Maryland’s senators have approved a bill that would ban polystyrene foam food containers and cups, starting next year. If the bill becomes law, Maryland would be the first with a statewide ban. Republicans raised concerns the ban would cause difficulty for farmers and small businesses.
Lierman said the differences between the two versions of the legislation would be worked out in a conference committee.
Republican Gov. Larry Hogan has not taken a position yet on whether he would sign the bill, according to a spokeswoman.
“Under Governor Hogan’s leadership, Maryland has one of the strongest environmental records in the country,” the spokeswoman, Shareese DeLeaver-Churchill, said. “The governor is always willing to consider any piece of legislation that reaches his desk.”
More than half of Marylanders surveyed support legalizing the recreational use of marijuana, according to a new poll. The poll of more than 800 Maryland residents by Goucher College found 57 percent support marijuana legalization. Thirty-seven percent of those polled were opposed.
The Senate vote of 34-13 came after days of off-and-on debate, with many Republicans raising concerns that the ban would cause difficulty or increased expenses for farmers, small businesses and nonprofit organizations.
Josh Young, a lobbyist for the American Chemistry Council, the industry’s trade group, testified against the bill at a recent hearing. He said alternatives to foam are more costly for businesses and won’t break down in landfills.
He called the ban a “harsh action” and said Maryland would be the “only state to ban an entire class of safe and effective products.”
“You are forcing establishments to switch to a more expensive product that will do nothing to clean up the environment and in fact increase litter and greenhouse gases,” Young argued.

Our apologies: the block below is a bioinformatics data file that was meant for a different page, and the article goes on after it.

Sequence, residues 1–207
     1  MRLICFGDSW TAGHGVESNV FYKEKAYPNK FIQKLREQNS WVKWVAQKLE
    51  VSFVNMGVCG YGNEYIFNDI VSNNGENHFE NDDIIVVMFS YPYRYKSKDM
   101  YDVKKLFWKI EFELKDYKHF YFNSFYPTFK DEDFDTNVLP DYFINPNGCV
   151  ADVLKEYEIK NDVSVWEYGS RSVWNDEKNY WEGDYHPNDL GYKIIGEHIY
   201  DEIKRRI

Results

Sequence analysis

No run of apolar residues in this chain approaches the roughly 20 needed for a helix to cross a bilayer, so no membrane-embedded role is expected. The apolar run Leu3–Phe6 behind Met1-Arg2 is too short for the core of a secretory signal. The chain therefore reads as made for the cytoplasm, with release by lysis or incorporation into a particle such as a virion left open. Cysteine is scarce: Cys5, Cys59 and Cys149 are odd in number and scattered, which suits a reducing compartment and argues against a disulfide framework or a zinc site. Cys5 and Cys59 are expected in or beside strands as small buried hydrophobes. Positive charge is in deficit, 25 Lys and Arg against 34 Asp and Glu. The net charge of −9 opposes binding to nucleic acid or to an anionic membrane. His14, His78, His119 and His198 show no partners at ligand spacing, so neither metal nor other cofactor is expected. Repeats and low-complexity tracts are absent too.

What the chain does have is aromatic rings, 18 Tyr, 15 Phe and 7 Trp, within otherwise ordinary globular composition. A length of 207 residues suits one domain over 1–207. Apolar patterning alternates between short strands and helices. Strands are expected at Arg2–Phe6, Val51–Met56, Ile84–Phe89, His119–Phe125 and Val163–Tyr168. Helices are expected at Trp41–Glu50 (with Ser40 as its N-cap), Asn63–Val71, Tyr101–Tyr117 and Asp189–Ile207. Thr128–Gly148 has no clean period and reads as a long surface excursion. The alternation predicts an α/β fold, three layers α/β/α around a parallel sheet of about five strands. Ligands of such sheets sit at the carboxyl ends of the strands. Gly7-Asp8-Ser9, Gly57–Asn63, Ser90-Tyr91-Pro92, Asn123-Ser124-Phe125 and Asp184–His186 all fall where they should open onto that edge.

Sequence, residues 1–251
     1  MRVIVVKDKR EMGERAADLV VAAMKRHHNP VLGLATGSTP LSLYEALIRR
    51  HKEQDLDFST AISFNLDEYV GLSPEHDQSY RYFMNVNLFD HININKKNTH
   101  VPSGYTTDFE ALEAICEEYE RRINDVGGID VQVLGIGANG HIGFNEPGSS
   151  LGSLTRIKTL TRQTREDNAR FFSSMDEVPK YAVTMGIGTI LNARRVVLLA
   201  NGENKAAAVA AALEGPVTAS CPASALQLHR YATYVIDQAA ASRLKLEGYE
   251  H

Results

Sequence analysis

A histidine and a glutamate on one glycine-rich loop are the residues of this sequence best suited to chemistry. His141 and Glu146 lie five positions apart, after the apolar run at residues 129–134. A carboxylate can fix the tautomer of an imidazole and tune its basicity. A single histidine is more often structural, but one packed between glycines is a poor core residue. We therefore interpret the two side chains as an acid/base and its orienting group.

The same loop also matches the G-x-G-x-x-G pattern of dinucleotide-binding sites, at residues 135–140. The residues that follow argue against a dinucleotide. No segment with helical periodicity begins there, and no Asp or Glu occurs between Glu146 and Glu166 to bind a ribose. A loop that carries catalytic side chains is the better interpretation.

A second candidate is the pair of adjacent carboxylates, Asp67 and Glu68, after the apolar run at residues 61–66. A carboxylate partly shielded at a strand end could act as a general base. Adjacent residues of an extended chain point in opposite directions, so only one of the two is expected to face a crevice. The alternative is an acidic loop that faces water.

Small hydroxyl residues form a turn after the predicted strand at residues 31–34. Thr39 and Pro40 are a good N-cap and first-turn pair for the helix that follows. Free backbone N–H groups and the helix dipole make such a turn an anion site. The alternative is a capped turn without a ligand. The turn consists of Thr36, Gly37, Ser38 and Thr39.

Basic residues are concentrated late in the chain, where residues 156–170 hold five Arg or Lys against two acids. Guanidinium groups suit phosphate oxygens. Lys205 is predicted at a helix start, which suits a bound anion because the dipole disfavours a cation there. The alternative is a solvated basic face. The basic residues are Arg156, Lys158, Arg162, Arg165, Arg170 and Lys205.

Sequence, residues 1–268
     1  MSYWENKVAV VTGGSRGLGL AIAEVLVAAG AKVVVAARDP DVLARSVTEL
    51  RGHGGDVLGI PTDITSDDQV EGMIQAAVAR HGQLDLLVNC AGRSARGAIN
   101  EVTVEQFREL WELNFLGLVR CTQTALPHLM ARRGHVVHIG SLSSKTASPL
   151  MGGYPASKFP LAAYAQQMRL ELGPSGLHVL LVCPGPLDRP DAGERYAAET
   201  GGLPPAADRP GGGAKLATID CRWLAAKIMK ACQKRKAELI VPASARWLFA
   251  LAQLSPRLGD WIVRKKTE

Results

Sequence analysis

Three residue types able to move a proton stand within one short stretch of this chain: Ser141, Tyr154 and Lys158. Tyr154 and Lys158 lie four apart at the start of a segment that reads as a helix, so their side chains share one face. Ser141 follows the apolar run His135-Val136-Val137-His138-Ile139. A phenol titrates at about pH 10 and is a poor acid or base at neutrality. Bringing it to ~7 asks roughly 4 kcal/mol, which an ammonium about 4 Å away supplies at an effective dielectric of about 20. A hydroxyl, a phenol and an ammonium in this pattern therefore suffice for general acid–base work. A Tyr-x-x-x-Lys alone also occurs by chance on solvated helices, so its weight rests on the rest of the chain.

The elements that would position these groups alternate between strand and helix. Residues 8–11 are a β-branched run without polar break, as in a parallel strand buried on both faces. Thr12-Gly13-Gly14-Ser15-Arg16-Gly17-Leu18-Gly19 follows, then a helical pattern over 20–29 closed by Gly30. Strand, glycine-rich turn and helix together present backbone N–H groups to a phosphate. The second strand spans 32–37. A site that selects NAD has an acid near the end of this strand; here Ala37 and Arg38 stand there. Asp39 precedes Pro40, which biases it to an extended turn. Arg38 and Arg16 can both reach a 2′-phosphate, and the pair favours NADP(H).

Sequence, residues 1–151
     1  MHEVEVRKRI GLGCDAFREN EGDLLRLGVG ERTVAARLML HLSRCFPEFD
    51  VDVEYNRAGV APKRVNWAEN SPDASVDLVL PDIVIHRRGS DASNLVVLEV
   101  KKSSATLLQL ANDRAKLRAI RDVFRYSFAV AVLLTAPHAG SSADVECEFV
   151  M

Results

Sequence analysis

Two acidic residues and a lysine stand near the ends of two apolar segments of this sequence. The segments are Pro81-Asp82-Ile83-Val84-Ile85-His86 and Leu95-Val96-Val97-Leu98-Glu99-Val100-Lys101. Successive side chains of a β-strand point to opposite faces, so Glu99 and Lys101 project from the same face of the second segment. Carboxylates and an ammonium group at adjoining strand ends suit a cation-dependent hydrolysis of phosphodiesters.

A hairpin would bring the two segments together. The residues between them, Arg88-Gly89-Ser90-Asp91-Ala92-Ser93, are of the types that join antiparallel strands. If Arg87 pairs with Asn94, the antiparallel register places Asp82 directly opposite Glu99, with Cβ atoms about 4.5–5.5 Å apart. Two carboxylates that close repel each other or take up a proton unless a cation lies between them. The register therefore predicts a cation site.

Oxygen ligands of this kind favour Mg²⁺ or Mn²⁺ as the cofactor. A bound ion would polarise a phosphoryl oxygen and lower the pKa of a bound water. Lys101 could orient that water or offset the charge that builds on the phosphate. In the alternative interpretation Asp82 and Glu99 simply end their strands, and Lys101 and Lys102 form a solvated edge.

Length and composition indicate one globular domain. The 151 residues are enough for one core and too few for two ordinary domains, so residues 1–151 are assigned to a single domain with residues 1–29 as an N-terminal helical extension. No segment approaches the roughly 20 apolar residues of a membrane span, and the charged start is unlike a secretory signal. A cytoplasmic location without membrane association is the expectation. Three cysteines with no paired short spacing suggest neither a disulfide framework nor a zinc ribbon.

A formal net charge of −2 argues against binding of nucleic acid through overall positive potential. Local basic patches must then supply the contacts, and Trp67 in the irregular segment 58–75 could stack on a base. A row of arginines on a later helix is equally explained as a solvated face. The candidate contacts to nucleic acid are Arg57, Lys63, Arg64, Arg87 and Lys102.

Proponents of the ban, including sponsor Sen. Cheryl Kagan, a Montgomery County Democrat, say foam products are not recyclable and don’t break down in the environment, making them a particularly difficult form of litter to deal with.
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To emphasize that point, the Waterfront Partnership of Baltimore celebrated the House’s passage of the ban by announcing that Mr. Trash Wheel, the garbage and flotsam collector at the mouth of the Jones Falls in the Inner Harbor, has scooped more than 1 million bits of polystyrene since it was launched in 2014.
“Healthy Harbor views these milestones less as a celebration and more of a catalyst for change,” Adam Lindquist, director of the partnership’s Healthy Harbor Initiative, said in a statement. “By collecting and sharing the trash wheel data, we are bringing Baltimore’s trash issue to the forefront, helping to shift behaviors and push for policy change.”
Making Maryland "foam free" and curbing the cost of prescriptions are among the priorities Democrats in the General Assembly say they've agreed in principle to push for this session. Under their proposals, Maryland could become the first state to ban polytyrene packaging, better known as Styrofoam.
The legislation contains some exceptions. For example, foam products packaged outside Maryland — such as cups containing ramen noodles — could still be sold. Also exempted are foam products used to package raw or butchered meat and foam products not used for food service.
The ban would take effect July 1, 2020. County officials would be in charge of enforcing the ban, and could issue $250 fines.